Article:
Importance of accurate information on causes of maternal deaths for informing health care programmes.
Article Type: Report
Subject: Data entry (Methods)
Health planning (Methods)
Mothers (Patient outcomes)
Mothers (Prevention)
Author: Say, Lale
Pub Date: 08/01/2010
Publication: Name: Indian Journal of Medical Research Publisher: Indian Council of Medical Research Audience: Academic Format: Magazine/Journal Subject: Biological sciences; Health Copyright: COPYRIGHT 2010 Indian Council of Medical Research ISSN: 0971-5916
Issue: Date: August, 2010 Source Volume: 132 Source Issue: 2
Product: Product Code: 8000310 Health Planning NAICS Code: 62 Health Care and Social Assistance
Geographic: Geographic Scope: India Geographic Code: 9INDI India
Accession Number: 237135668
Full Text: Health programmes need accurate information on causes of mortality and morbidity in their target populations for making decisions in organization of care. Information on conditions causing death as well as those contributing to death should be collected and categorized according to the codes and rules defined within the International Classification of Diseases and Related Health Problems 10th edition (ICD 10) (1). A careful analysis of both underlying causes and contributing conditions would help in making decisions with respect to appropriate planning, resource allocation, and evaluating impact of interventions.

Cause of death information can only be useful for making decisions in health care if it is accurately collected and classified. Such information is not usually available routinely in developing countries for a number of reasons. First, death registration systems where cause of death for each case is identified via medical certificate do not exist or have incomplete population coverage. Second, providers recording the causes of death have limited training in completing death certificates accurately. Third, standard tools for accurate cause-attribution and classification of deaths are not available for specific areas of interest.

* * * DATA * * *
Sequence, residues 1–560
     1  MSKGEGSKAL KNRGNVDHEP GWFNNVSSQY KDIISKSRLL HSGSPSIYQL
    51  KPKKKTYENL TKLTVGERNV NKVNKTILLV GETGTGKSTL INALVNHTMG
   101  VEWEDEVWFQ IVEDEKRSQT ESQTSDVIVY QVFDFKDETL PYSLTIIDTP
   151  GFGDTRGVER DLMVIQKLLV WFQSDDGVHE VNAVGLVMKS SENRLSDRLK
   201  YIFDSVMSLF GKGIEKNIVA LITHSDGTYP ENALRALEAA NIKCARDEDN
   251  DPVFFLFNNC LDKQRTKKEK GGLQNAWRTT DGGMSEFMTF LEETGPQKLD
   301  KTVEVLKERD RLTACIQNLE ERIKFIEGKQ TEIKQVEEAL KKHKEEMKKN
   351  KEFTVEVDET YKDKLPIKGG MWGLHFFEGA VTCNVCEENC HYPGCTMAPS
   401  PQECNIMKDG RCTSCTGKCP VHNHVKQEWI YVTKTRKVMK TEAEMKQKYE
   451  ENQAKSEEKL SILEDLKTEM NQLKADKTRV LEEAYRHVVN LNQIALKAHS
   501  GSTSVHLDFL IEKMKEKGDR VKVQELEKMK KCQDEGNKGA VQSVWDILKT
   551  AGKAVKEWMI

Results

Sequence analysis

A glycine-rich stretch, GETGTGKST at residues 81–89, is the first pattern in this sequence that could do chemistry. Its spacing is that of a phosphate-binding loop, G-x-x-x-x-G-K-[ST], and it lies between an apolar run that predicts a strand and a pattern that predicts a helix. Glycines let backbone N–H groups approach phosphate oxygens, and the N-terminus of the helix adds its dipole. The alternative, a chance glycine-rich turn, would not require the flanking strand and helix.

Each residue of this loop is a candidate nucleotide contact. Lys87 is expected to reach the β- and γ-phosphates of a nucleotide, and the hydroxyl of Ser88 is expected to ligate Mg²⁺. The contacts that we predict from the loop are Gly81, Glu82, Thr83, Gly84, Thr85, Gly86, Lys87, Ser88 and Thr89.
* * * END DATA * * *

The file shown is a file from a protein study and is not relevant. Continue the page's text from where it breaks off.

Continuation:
In the absence of routine and complete data collection systems on cause of death, special studies identifying cases and reviewing conditions surrounding each death are useful for providing policy-relevant information. In particular, in settings where majority of deaths do not occur in hospital settings or those occurring in hospital settings, but lacking accurate medical certificate of death, such studies use the verbal autopsy methodology. Verbal autopsy technique involves investigating deaths through interviews of family members towards assigning a specific cause to each death. The World Health Organization, in collaboration with partners, has developed standards for conduct of verbal autopsy methods, including data collection instrument, cause-of-death assignment resources for verbal autopsy, and general guidelines for their use, to facilitate accurate attribution of the causes of deaths aligned with ICD codes within verbal autopsy studies (2).

In this issue, Kulkarni et al 3 report on an analysis of the deaths of women of reproductive age in a sample population representative of the Maharashtra State in India, undertaken by the Indian Council of Medical Research (ICMR). Data on the deaths analyzed were collected using verbal autopsy technique (3). The survey and analysis identified the main causes of deaths among women of reproductive age in this population. In addition, factors contributing deaths and social circumstances around each death were explored and reported in detail. Deaths due to conditions related to pregnancy and childbirth, in other words, maternal deaths are the 6th biggest cause, following infectious and parasitic diseases, injuries, conditions not elsewhere classified, neoplasms, and diseases of the circulatory system (3).